Russell Newberry: Yes I did read the book. I’m in the book! I enjoyed the book (of course, I’m biased). I liked it and these guys are friends of mine, so I was glad someone came up with the idea to write a book. And I am currently fishing salmon in Cook Inlet, Alaska.

Seattle Texan: Hi Russell. Neil retired from deckwork this year, but aren’t you and the Hillstrands about the same age? How long do you plan on continuing to work on deck?

Russell Newberry: Yeah, I am – Johnathan’s a year older than me, and I’m a year older than Andy. I feel pretty good physically. Of course, every time I’ve gone out on a boat, every single trip I’ve made since I was 20ish, I’ve said I’m never going to do this again. Then again at the end of every trip, I go to the bank all moneyed up with 2 months off, so I kind of like the lifestyle. As far as retiring, there’s a fine line between retiring and being unemployed. 🙂

Bencha68: Hi Russell, it’s an honor to be talking to you. I’ve noticed that when it comes to fishing on the Bering Sea, superstition plays a big role. What role does it play on the Time Bandit?

Russell Newberry: We try to pay attention to the superstitions, but we don’t practice them when there’s crab to be caught. We knock on wood and do the silly things, but when it’s time to go crabbing, it’s time to go crabbing.

Tabi: Hi Russ, greetings from Southern Ontario! You work in a unique situation where you have different captains for king crab and opilio. Who is your favourite boss and the one you prefer at the wheel, Andy or Johnathan?

Russell Newberry: First of all, they both can catch crab, and that’s the number one thing. I don’t care who’s up there- it can be King Kong, and if he can catch crab, I don’t care. Johnathan and Andy have different styles for catching crab. Andy’s way more methodical and scientific, whereas Johnathan tries to think like a crab and go on gut instinct.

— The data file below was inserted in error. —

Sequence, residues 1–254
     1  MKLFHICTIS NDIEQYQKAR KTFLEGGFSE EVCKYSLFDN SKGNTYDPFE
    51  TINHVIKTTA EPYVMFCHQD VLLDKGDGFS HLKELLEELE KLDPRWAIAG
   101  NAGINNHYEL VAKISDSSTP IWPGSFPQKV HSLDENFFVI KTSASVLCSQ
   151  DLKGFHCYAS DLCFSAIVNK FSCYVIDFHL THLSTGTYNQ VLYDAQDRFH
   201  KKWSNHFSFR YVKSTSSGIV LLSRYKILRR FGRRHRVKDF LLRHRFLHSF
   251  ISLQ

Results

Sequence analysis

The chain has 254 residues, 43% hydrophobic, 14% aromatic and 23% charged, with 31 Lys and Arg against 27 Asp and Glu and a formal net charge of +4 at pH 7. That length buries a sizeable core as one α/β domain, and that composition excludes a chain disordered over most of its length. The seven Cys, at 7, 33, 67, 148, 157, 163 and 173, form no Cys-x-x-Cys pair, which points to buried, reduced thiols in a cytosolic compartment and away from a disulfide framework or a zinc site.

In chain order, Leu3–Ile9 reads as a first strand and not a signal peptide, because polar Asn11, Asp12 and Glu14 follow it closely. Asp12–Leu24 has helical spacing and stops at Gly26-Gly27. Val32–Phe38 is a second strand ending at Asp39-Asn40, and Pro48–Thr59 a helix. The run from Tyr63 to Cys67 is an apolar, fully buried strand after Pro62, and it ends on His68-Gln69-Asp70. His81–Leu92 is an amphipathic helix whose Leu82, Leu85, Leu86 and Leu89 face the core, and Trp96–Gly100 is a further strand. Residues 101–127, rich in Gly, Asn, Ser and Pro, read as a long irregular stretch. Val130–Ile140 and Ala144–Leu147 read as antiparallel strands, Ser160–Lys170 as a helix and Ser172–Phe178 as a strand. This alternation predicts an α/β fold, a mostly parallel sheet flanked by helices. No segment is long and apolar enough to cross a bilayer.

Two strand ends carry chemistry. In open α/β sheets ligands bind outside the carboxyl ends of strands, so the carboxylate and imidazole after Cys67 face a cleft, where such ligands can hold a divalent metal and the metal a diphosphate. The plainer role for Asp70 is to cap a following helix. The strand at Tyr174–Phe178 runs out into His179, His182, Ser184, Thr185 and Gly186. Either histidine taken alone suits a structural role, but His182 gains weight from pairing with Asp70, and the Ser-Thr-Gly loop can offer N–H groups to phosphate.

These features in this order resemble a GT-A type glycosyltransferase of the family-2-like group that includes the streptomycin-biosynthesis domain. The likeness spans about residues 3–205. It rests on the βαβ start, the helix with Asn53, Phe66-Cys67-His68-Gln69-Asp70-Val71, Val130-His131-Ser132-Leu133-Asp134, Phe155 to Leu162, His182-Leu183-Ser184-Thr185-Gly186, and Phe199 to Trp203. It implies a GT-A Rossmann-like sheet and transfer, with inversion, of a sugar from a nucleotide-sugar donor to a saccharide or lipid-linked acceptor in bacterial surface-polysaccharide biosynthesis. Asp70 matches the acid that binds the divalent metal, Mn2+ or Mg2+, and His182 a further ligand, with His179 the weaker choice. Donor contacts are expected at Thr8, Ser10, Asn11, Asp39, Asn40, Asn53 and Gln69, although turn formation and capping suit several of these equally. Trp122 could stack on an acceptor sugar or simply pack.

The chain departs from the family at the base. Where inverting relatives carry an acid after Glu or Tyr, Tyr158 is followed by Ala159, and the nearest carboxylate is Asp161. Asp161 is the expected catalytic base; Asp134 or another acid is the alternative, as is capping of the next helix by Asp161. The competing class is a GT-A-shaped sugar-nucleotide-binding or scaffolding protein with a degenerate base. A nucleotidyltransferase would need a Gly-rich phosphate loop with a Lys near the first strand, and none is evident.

Millicent: Hi Russell! Thank you for chatting with us this evening! I was just wondering if you all listen to music on the deck or just listen to the sound of the waves and each other talking?

Russell Newberry: We’ve listened to very loud classic rock’n’roll, but now that the Discovery Channel is involved, we’re not allowed to play music so they can capture all the little things we say for the camera. But yes, we would like to listen to more music.

Megan8291: What is it like to have so many people of the same family on the boat?

Russell Newberry: LOL Well there were 4 Hillstrands on the boat at one point, and it’s all right. They’re a family of fishermen from way back and they know what needs to be done. They’re good hard workers, and they’re fun to be around.

LauraC: Hi Russ! I love your sense of humor and you are my favorite deckhand! We hear over and over that being a deckhand is for guys in their 20’s. How are you able to keep up with all these deckhands that are half your age? Is it because you’ve been working on boats for a long time, or do you have an anti-aging secret 🙂

Russell Newberry: LOL Yes, I have found the Fountain of Youth. The difference between myself and a younger deckhand is I have enough experience to know when to sit down! I know when it’s time to take a nap. I’ve learned shortcuts, one of which being getting in and out of my gear as quick as possible. The new guys on the boat, it takes 15 minutes to get into their gear. Me, it takes 30 seconds. I have a routine I’ve had for years, and I can do it in my sleep now. A lot of guys need to get up, drink a pot of coffee, smoke a pack of cigarettes. For me, it’s kind of like Superman going through a phone booth – I put on my boots and just get out on the deck.

Cornelia Stephanie: Hey Russell! what is the brand of gear you guys wear, the orange bibs?

Russell Newberry: It’s called Grundens of Sweden. And it’s good. There are several different brands of rain gear out there, and I’ve tried them all. Each brand is a little different – how you like the sleeves, collar, snaps, etc. Grundens fit me comfortably. For me, I can tell when I’m not wearing Grundens and if I have something else on.

Kaylee: How long does it actually take for the pot to come up off the bottom? In the show, the time between is always edited out.